ConCourt decision

End of the line for Prasa’s tall trains supplier

By Pieter-Louis Myburgh 9 May 2019
Caption
The departure of Prasa’s Dries van der Walt makes him the fifth senior executive to leave the stricken passenger rail operator this year.

The Constitutional Court has dismissed an application by Swifambo Rail Leasing, the supplier of Prasa’s controversial tall trains, for leave to appeal a decision to set aside its R3.5 billion contract with the state-owned rail transport entity.

Swifambo, which bagged the contract in 2013, will, therefore, have no further legal recourse to salvage a deal that was found to have been corrupt in earlier court rulings.

“The Constitutional Court has considered this application for leave to appeal. It has concluded that the application should be dismissed as it bears no reasonable prospects of success,” reads a ConCourt order dated 2 May 2019.

The ConCourt dismissed Swifambo’s leave to appeal with costs.

In July 2017, Johannesburg high court Judge EJ Francis ruled that Prasa had awarded the contract to Swifambo through a “corrupt tender process” and that Swifambo acted as a front for Vossloh España, the Spanish manufacturer of the troubled Afro4000 locomotives, 13 of which were delivered to South Africa (70 locomotives were ordered in total). The high court ruled that the contract needed to be set aside.

Swifambo took the matter to the Supreme Court of Appeal (SCA), where the company was subjected to another legal lashing at the end of 2018.

The SCA agreed that “the tender was procured through corruption” and that Prasa’s specifications for the new locomotives were “tailor-made for the benefit of Vossloh, and thus Swifambo”. It also affirmed the high court’s decision that Swifambo had been part of a “fronting practice”.

The SCA confirmed that the Afro4000 locomotives Swifambo delivered to Prasa were not suited for South African railway lines, as first revealed by Rapport newspaper in 2015.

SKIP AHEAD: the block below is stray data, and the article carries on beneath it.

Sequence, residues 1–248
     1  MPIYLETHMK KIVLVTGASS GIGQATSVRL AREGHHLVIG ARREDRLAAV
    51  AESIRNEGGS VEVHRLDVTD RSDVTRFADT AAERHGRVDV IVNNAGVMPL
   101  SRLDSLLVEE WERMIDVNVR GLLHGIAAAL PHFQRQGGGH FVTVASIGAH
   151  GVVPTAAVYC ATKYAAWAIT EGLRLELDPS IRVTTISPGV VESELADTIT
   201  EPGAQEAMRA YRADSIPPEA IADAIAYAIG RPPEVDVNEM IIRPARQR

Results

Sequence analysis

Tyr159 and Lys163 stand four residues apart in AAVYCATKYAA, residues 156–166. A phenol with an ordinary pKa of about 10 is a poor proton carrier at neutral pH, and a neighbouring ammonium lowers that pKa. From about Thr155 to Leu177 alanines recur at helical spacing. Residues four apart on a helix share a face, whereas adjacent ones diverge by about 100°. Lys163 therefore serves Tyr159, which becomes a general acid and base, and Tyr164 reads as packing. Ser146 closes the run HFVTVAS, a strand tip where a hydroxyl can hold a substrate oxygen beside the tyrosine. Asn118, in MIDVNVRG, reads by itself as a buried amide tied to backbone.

Citing various engineering reports, the SCA ruled that the Afro4000s “exceeded the vehicle structure gauge height required for diesel locomotives.”

Swifambo went into liquidation shortly after the SCA ruling.

Auswell Mashaba, the company’s former managing director, did not want to comment on the Constitutional Court’s decision.

“As you may be aware, Swifambo is under liquidation. I am no longer involved in its affairs, forward your queries to the liquidators,” said Mashaba.

Earlier investigations by this reporter showed that Mashaba may have used some of the proceeds of the train deal to purchase properties worth about R50-million.

Five days after Prasa made its first payment to Swifambo in April 2013, another company owned by Mashaba bought three parcels of land and an upmarket game lodge near Hoedspruit in Limpopo. Other properties were later bought by Mashaba and were all paid for in cash.

Swifambo also funneled about R80 million to Angolan businesswoman Maria Gomes – a friend of former President Jacob Zuma – and to lawyer George Sabelo, a business partner to one of Zuma’s sons.

Criminal cases have been opened in regard to Swifambo’s financial affairs, but thus far the Hawks and the NPA appear to be no nearer to arresting or prosecuting individuals involved in a deal that has been labelled as corrupt in consecutive court rulings.

Prasa spokesperson Nana Zenani said the SOE could not immediately comment on the Constitutional Court’s decision. Daily Maverick will add Prasa’s response once it has been received. DM

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